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Poetry From Photos: A Great Depression Activity

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Subjects

  • Arts & Humanities
    --Language Arts
    --Literature
    --Visual Arts

Grade

  • 6-8
  • 9-12
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Brief Description

Students view photographs of migrant families during the Great Depression, try to interpret the photos to answer questions about the subject’s life, and then write a cinquain poem based on their interpretations.

Objectives

Students will
  • Gain understanding of the personal struggles faced during the Great Depression
  • Learn to interpret information from a visual medium (photograph) and express that knowledge in written form (poem).

Keywords

photographs, Great Depression, poetry

Materials Needed[shopmaterials]

  • Computer with Internet access and a word processing program
  • TV monitor or projector hooked up to a computer (for whole class instruction).

Lesson Plan

Getting information from the Internet often is just a copy and paste operation. The challenge for teachers is to teach students to apply and extend what they learn online. In this lesson, students view photographs of migrant families during the Great Depression, try to interpret the photos to answer questions about the subject's life, and then write a cinquain poem based on their interpretations.

Preparation
Prior to this lesson, students should have a basic understanding of the Great Depression and the subsequent displacement of families in search of work and better farmland.

Process
Begin this activity with a brief class discussion of the Great Depression, particularly focusing on how it impacted families. Then, using a projector or TV monitor, display the photos of a migrant mother from the Library of Congress collection America from the Great Depression to World War II: Photographs from the FSA-OWI, 1935-1945. Encourage students to look carefully at the photo and share their observations about the mother. Some questions students might consider include:

  • What is she thinking about?
  • What has happened just before the photo was taken?
  • What has happened in her life in the past year?
  • What might be about to happen?
  • What was she feeling as the picture was taken.

Share the quote from the photographer Dorothea Lange in which she describes taking the photograph and provides background information about the life of the mother and her family.

Have students choose their own favorite photograph from the collection, reflect on the life of the subject(s) pictured, and write a cinquain poem that expresses what they see in the photograph.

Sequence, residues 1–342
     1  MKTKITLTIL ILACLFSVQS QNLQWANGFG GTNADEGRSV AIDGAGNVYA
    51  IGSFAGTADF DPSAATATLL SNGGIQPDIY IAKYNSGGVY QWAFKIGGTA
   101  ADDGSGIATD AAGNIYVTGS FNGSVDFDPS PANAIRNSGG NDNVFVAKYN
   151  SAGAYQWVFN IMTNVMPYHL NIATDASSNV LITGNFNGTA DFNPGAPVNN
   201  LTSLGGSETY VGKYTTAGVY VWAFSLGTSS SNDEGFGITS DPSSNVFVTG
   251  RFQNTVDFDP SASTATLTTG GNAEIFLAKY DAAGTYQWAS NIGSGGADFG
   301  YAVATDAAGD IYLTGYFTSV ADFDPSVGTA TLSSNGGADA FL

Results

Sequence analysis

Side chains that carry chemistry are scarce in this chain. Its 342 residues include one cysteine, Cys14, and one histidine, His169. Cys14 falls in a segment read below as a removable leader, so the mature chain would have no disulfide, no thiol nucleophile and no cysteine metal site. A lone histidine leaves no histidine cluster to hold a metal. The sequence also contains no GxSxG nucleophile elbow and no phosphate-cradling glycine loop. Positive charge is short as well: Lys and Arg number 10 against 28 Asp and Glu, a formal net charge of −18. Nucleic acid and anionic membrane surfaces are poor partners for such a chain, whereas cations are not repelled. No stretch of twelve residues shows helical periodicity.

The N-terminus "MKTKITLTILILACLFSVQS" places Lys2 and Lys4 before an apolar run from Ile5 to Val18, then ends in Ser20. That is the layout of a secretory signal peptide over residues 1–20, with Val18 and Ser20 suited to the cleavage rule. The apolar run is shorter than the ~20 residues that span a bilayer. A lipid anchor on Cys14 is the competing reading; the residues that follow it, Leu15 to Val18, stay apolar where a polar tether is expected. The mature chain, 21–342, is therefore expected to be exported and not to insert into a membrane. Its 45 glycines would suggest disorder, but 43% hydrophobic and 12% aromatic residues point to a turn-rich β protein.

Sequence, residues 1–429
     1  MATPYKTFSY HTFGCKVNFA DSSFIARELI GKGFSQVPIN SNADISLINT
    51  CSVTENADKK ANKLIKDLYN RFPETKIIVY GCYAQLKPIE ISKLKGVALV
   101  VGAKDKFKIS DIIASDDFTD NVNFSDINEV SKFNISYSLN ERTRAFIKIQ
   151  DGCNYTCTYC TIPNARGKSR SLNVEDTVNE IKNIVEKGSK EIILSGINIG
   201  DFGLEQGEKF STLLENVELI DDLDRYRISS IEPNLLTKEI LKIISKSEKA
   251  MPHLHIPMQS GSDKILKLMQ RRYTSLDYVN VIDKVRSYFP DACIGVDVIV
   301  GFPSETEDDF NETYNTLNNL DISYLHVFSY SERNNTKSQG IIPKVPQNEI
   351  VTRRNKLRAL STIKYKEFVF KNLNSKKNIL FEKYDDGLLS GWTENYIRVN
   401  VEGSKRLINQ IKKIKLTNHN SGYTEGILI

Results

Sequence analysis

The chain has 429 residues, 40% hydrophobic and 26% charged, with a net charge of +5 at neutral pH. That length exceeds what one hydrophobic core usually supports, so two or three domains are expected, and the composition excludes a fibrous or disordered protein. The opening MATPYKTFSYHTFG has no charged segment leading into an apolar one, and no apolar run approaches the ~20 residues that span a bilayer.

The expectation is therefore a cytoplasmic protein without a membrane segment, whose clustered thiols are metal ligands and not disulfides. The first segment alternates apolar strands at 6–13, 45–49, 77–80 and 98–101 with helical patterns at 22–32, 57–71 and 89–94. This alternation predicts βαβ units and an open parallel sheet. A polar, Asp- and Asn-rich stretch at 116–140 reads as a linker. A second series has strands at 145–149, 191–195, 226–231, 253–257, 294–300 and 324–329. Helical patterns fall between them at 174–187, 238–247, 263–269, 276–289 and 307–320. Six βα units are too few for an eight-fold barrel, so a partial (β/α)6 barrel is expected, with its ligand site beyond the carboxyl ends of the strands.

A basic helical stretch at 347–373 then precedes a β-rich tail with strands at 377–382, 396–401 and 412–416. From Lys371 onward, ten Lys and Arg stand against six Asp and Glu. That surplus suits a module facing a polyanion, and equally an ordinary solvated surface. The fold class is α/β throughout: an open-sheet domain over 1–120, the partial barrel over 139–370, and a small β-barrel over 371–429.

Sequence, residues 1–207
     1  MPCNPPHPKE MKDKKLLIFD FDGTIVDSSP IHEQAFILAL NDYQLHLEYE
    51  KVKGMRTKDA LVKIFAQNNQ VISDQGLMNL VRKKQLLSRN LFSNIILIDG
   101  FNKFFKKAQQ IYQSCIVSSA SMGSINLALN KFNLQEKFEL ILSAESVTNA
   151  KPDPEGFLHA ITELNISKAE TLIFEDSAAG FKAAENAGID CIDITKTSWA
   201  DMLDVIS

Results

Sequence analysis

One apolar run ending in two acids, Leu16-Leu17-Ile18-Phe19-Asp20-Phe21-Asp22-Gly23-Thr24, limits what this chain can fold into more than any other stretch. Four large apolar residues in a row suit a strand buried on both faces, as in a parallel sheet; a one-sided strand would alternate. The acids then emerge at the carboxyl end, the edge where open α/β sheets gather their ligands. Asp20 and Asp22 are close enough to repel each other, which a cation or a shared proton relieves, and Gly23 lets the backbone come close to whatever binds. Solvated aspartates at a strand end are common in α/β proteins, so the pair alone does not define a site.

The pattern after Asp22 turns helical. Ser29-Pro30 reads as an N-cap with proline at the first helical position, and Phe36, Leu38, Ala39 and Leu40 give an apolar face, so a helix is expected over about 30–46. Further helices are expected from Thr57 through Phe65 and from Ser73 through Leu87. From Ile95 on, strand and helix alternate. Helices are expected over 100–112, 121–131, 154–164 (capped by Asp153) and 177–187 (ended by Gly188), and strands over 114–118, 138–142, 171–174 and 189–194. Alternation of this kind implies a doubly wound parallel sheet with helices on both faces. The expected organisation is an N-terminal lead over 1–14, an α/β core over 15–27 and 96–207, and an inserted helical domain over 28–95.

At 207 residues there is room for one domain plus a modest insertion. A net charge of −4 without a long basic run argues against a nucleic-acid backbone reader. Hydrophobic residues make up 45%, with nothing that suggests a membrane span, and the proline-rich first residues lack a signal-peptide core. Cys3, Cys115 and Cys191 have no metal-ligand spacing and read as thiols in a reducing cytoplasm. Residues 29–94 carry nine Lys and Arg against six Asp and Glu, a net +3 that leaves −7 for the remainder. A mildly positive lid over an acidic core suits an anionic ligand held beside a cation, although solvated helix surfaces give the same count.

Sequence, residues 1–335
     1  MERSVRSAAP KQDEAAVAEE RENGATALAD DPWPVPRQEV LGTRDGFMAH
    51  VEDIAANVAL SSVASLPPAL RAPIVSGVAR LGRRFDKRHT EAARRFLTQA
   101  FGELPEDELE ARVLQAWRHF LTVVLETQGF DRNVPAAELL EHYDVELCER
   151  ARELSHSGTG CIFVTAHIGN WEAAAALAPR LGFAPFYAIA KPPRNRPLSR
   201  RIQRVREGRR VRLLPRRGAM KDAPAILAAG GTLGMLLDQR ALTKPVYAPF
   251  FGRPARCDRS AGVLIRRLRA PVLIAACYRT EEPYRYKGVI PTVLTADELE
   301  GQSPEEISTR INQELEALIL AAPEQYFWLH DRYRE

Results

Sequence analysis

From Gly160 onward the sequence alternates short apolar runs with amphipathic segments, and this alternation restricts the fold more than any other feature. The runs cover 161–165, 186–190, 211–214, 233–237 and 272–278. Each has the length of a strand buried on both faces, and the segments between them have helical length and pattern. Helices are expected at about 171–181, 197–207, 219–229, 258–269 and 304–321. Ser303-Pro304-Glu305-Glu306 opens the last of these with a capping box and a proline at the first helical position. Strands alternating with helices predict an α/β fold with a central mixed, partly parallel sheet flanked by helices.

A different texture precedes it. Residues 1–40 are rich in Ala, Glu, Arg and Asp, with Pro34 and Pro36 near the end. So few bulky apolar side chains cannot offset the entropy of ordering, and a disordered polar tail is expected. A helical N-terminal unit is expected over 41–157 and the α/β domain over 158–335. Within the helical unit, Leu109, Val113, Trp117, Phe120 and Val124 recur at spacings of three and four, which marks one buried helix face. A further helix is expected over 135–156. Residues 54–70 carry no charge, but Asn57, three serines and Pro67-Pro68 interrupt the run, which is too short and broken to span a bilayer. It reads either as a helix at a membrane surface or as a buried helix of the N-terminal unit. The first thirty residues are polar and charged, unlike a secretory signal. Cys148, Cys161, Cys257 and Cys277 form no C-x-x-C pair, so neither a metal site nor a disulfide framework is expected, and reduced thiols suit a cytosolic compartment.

Even if students never have written a cinquain poem before, the process is quite simple. A cinquain poem contains five lines:
  • The first line is one noun that describes the topic.
  • The second line is two adjectives that describe the topic.
  • The third line is three verbs ending in ing that further describe the topic.
  • The fourth line is a phrase (not a sentence) that describes the topic.
  • The fifth line is another noun that describes the topic.

Provide students with the following directions:

  • Select your favorite photograph from the Library of Congress collection. Remember that the photo should focus on a person or small group of people, not on a building or other object.
  • Have your teacher approve the photograph.
  • Look carefully at the photo, jotting any notes as you look. Consider the following questions: What is the subject doing, feeling, thinking, saying? What are his/her hopes or fears? What is she/he wearing? What else is in the photo that can tell you something about the subject's life?
  • Use a word processing program to type a cinquain about the subject of the photo.
  • Copy and paste the photo into the document just beneath the poem.
  • Copy and paste the photo's URL (Web site address) just beneath the photograph.
  • Print the poem and photograph.
Student might turn in their poems to you and or share their poems and photographs with the rest of the class.

Assessment

Students will be evaluated on their ability to complete project based upon teacher observation and on their knowledge of the Great Depression based upon the poem's content.

Lesson Plan Source

Education World

Submitted By

Lorrie Jackson

National Standards

FINE ARTS: Visual Arts
GRADES 5 - 8
NA-VA.5-8.4 Understanding the Visual Arts In Relation to History and Cultures
NA-VA.5-8.6 Making Connections Between Visual Arts and Other Disciplines
GRADES 9 - 12
NA-VA.9-12.4 Understanding the Visual Arts In Relation to History and Cultures
NA-VA.9-12.6 Making Connections Between Visual Arts and Other Disciplines

LANGUAGE ARTS: English
GRADES K - 12
NL-ENG.K-12.4 Communication Skills
NL-ENG.K-12.6 Applying Knowledge

SOCIAL SCIENCES: U.S. History
GRADES 5 - 12
8: The Great Depression and World War II (1929-1945)
NSS-USH.5-12.9 Era

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